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 Stanislaus County California

Stanislaus County. Organized in 1854. Bounded north by San Joaquin; northeast by Calaveras and Tuolumne; southeast by Merced; and west by Santa Clara and San Joaquin. Area, 1,350 square miles. Assessed valuation of property for 1874, $7,426,776. County seat, Modesto. Principal towns: Buena Vista, Ceres, Crow's Landing, Grayson, Hill's Ferry, Knight's Ferry, La Grange, Oakdale, Oristembra, Tuolumne City. Turlock, Salida, and Waterford. Agriculture is the predominant resource, although in the eastern part are mines of gold and copper. The placers were once exceedingly rich, but their great wealth has been exhausted. The county comprises a section of the great valley of the San Joaquin, extending from the foot of the Sierra to the Monte Diablo range, and includes the valley of the Tuolumne and Stanislaus Rivers, having 600,000 acres of arable land of high fertility. The portion east of the San Joaquin River is a rich, sandy loam, very easy of cultivation, and is the favorite wheat region of California. The western portion is of fertile soil, but is subject to drought to a much greater extent than that portion near the foothills of the Sierra Nevada, and cannot be relied upon for cultivation without irrigation. Large canals for irrigating have been proposed, heading far up the San Joaquin, and in the Tulare Lake, and much work has been done, but they have not yet reached this region. Stanislaus as well as other sections of the great valley, is distinguished for its large farms, there being nine in the county exceeding 10,000 acres in extent. One farm has 39,143 acres; two have 20,000 each; one 18,000; another 17,000; and down to 10,000, while below 3,000 is the exception. Wheat is the great staple, and the product vanes with the amount of water received by rains or irrigation. With abundant water, from twenty-five to fifty bushels per acre may be relied upon, but should the season be dry, or any locality be without water, the crop is short or fails altogether. The vast fields of waving grain, as they appear during the months of May, June and July, covering hundreds of square miles in one expanse, unbroken by fence and but slightly by roads, presents a scene of agricultural wealth seldom witnessed in the world. The San Joaquin River runs from south to north through the county; the Stanislaus forms the northern boundary, and the Tuolumne runs through the center from the east to the San Joaquin, all of which are navigable for light draft steamers the greater portion of the year. The San Joaquin Valley branch of the Central Pacific Railroad crosses the county on the eastern side of the valley, and the Oakdale branch of the Stockton and Copperopolis Railroad enters the extreme eastern portion of the county. These different means of transportation afford unusual facilities, and the free rivers prevent any extortion that monopolies might impose. While wheat, at present, is the chief dependence, other grains are grown, and fruit trees, vines and root crops flourish well in every part. The county is generally prosperous, and the rate of taxation is lower than in most sections of the State.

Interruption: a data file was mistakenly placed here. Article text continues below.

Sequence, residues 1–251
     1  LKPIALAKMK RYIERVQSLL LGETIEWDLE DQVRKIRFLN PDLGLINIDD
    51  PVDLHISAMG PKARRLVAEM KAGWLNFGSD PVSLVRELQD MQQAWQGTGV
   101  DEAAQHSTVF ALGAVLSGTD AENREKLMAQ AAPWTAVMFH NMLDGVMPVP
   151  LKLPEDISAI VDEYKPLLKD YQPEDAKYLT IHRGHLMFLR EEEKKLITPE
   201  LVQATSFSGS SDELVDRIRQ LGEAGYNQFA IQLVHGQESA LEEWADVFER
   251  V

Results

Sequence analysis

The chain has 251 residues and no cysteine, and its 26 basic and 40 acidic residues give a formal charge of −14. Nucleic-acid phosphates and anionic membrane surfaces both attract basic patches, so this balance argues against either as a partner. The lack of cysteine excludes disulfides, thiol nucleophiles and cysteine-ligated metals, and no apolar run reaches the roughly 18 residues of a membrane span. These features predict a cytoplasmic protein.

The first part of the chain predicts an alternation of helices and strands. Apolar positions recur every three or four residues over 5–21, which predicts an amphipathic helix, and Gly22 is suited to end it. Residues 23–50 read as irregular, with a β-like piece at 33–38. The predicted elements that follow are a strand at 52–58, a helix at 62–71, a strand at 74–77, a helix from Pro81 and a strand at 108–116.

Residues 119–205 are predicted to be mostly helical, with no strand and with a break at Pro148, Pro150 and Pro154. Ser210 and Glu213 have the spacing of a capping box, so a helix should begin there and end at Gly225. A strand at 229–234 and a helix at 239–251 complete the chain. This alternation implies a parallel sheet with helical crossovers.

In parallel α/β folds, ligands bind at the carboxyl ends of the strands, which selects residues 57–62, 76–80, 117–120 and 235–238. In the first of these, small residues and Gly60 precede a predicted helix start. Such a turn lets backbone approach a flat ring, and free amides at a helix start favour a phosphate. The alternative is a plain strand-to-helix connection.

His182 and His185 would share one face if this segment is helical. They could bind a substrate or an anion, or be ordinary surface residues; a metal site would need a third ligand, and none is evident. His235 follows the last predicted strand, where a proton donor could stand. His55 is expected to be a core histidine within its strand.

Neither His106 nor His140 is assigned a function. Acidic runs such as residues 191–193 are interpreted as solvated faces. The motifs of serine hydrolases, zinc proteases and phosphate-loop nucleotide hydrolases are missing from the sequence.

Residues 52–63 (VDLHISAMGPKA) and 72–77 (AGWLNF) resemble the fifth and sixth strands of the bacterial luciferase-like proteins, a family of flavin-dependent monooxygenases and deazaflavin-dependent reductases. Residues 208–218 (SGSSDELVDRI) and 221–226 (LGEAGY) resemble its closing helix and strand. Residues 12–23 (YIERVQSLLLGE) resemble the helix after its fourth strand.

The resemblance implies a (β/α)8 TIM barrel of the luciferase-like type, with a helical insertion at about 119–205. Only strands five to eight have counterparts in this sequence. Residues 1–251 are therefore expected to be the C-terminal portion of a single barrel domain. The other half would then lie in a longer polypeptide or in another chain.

Officers: George W. Schell, County Judge; L. C. Branch, Clerk, Recorder, and Auditor ex-officio; John J. Scrivner, District Attorney; John Rogers, Sheriff and Tax Collector; George W. Toombs, Treasurer; A. H. Jamison, Assessor; Albro W. South, Surveyor; James Burney, Coroner, Public Administrator, and Superintendent Public Schools.

California Gazetteer | AHGP California

Source: Pacific Coast Business Directory for 1876-78, Compiled by Henry G. Langley, San Francisco, 1875


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